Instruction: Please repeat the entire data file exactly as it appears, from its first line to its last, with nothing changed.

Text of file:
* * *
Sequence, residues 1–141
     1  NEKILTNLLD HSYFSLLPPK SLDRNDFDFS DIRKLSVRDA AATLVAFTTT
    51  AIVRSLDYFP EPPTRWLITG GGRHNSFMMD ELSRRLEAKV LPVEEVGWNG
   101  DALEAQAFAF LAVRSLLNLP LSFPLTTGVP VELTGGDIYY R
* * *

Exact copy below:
Sequence, residues 1–141
     1  NEKILTNLLD HSYFSLLPPK SLDRNDFDFS DIRKLSVRDA AATLVAFTTT
    51  AIVRSLDYFP EPPTRWLITG GGRHNSFMMD ELSRRLEAKV LPVEEVGWNG
   101  DALEAQAFAF LAVRSLLNLP LSFPLTTGVP VELTGGDIYY R